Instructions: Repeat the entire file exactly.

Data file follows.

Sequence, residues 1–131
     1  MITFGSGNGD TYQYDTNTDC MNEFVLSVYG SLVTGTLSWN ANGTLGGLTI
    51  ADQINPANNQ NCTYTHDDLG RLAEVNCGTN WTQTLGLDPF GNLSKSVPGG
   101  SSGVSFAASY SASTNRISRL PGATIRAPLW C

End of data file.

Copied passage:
Sequence, residues 1–131
     1  MITFGSGNGD TYQYDTNTDC MNEFVLSVYG SLVTGTLSWN ANGTLGGLTI
    51  ADQINPANNQ NCTYTHDDLG RLAEVNCGTN WTQTLGLDPF GNLSKSVPGG
   101  SSGVSFAASY SASTNRISRL PGATIRAPLW C